Physicians sickness certification practices : frequency, problems, and learning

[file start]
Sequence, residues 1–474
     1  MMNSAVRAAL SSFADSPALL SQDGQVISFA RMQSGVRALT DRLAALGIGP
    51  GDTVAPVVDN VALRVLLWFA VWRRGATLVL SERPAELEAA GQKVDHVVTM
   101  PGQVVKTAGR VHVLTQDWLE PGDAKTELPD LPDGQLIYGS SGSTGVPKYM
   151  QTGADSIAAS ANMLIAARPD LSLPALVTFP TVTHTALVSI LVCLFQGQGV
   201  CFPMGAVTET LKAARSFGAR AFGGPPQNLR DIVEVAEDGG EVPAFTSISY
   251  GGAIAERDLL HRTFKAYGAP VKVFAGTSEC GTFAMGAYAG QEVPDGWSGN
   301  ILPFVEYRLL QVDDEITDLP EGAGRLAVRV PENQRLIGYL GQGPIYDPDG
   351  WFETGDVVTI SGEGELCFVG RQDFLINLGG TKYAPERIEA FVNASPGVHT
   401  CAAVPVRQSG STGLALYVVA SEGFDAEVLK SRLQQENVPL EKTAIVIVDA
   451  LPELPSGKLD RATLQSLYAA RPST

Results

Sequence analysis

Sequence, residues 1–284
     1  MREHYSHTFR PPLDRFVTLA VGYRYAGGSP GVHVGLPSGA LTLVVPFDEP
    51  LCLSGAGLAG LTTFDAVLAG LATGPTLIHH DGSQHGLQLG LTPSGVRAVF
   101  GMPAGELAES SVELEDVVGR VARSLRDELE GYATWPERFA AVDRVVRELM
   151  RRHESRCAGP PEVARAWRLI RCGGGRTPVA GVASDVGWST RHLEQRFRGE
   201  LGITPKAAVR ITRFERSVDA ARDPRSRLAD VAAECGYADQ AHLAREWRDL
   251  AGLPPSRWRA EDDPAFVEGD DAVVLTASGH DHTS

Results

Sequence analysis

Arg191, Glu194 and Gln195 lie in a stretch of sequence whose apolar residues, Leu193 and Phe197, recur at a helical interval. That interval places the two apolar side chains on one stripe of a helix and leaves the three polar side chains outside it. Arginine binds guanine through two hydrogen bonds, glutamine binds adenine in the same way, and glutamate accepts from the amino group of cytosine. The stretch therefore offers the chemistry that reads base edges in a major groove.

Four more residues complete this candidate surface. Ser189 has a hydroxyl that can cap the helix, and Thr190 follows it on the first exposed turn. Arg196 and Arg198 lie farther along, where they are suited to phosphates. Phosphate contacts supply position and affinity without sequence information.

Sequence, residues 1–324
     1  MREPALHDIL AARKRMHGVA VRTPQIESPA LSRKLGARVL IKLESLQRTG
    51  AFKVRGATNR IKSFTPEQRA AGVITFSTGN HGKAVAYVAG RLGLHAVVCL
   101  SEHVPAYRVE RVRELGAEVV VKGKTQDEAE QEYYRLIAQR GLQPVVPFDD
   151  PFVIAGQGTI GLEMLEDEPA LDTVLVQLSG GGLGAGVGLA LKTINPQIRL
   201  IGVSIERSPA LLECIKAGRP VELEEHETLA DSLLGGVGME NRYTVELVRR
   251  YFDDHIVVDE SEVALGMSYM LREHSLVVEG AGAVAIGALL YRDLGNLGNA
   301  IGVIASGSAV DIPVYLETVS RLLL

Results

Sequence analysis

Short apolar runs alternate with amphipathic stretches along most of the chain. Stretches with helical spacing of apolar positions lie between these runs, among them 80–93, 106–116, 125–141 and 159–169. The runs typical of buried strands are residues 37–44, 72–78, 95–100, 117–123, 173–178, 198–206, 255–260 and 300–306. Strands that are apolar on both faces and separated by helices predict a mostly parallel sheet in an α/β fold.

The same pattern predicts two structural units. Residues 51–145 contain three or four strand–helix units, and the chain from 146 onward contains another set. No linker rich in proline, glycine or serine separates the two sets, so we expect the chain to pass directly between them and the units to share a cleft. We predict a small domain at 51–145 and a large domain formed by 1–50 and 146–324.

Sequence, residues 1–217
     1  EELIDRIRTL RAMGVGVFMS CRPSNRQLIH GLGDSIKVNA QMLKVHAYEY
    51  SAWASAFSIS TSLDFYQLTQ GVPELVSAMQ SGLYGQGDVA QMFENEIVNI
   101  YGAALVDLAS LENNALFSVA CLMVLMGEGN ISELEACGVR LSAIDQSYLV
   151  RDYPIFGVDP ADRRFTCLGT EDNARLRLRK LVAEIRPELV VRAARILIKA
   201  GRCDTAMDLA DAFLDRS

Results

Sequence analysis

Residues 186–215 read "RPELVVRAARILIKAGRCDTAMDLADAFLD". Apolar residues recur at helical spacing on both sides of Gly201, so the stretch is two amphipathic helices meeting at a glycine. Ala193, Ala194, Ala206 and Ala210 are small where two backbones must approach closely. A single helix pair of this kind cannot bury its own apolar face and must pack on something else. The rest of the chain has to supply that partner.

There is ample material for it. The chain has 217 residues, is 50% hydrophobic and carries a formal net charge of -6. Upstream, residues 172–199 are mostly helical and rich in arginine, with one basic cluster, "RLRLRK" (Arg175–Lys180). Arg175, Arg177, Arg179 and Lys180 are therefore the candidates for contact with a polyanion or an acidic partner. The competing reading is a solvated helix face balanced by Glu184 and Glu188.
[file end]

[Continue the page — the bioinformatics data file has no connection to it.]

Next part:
Abstract: Background: Administration of sickness absence involves many stakeholders, among them physicians, who play a key role in the sickness insurance systems in most western countries. Despite the impact that sickness absence can have on the life situation of the affected individual, physicians have limited training in how to handle sickness certification cases, and very little research has examined the practices of those medical professionals in this context. Aims: The overall aim of the present research was to gain more detailed knowledge about sickness certification performed by physicians, as a basis for interventions. Study I was conducted to determine the frequency of having consultations concerning sickness certification, and nature of problems experienced in relation to this task by physicians in different clinical settings. Study II explored the problems and characteristics of the daily work with sickness certification, as perceived by board certified specialists working in primary health care or orthopaedics. Study III examined the knowledge and skills that physicians stated they needed in this area.Study IV aimed to ascertain what types of learning situations helped physicians improve their competence in this certification task. Methods: Two comprehensive questionnaires about sickness certification practices were administered to physicians in 2004 and 2008, respectively. In 2004, 7665 physicians from Stockholm and Östergötland Counties were included; in 2008, all 36898 physicians living and working in Sweden were included. The response rates were 71% and 61%, respectively. Answers from all physicians aged ≤ 64 years who had sickness certification tasks (n = 4019 and n = 14210, respectively) were evaluated using descriptive statistics, correlation analyses, logistic regressions, linear regressions, and analyses of variance. Results: In 2004, 74% (n = 4019) of the respondents had consultations including sickness certification at least a few times a year, and about half of those had such consultations at least six times a week. The following items were rated as very or fairly problematic by the largest proportion of physicians: handling conflicts with patients about certification, assessing work capacity, estimating optimal length and degree of absence, and managing prolongation of sick leave initially certified by another physician (study I). Many physicians answered that they needed more knowledge and skills in handling sickness certification, for instance regarding assessment of work capacity (44%), the optimal length and degree of absence (50%), and information about aspects of the social insurance system (43 63%). Fewer (20%) reported needing to know more about how to fill out sickness certificates (study III). In 2008, relatively small proportions of the physicians stated that formal learning situations had to a large or fairly large extent contributed to their competence in sickness certification, for example 17% indicated this for undergraduate studies, 37% for internship, and 46% for resident training. However, 65% felt that contacts with colleagues and other health care staff had been beneficial, whereas only one-third (33%) had been helped by training arranged by Social Insurance Office. Between 2004 and 2008, a small but significant increase was noted for all items related to formal learning situations and continuing professional development, while there were no changes regarding informal learning situations such as contacts with colleagues and patients (study IV). In general, the results varied considerably between physicians in different clinical settings. In orthopaedics, 83% handled sickness certification cases ≥ 6 times a week, as compared to 62% in primary health care. However, the rate of problems concerning sickness certification was highest for those in primary care and lowest among those in internal medicine and surgery (study I). Those working in primary health care and psychiatry also had larger needs for knowledge and skills compared to other groups. These differences were still observed after adjusting for sex, years in practice, workplace policy, and support from management (study III). Compared to physicians in orthopaedics, a greater proportion of general practitioners experienced having support from management in the certification task, and more of them indicated that there was a common strategy for handling this duty at their workplaces (study II). Conclusions: Handling sickness certification was observed to be a very common task among physicians working in many different clinical settings, not only primary health care, which has been the focus of previous studies and interventions. Therefore, this should be recognized as a very common task for most physicians, at least in Sweden. Many aspects of sickness certification were experienced as problematic, but the nature and frequency of the difficulties varied greatly between physicians in different clinics/practices. A majority of the physicians answered that they needed more skills and knowledge in managing this task, and previous learning had occurred primarily in clinical practice, not through formal education. The high rate of problems and the lack of both knowledge and formal education about how to manage sickness certification may have consequences for the physicians work situation, for patients, and for society. Efforts are warranted to educate physicians in sickness certification on both the undergraduate and the postgraduate level, and to provide workplace strategies for improving the prerequisites for handling this task. Further research should consider sickness certification by physicians in fields other than general practice, such as oncology, surgery, and internal medicine. Studies about how the sickness certification task is learned and what the knowledge acquired actually includes are warranted. For example research about how physicians develop rules of thumb or mindlines in this field, and what they entail.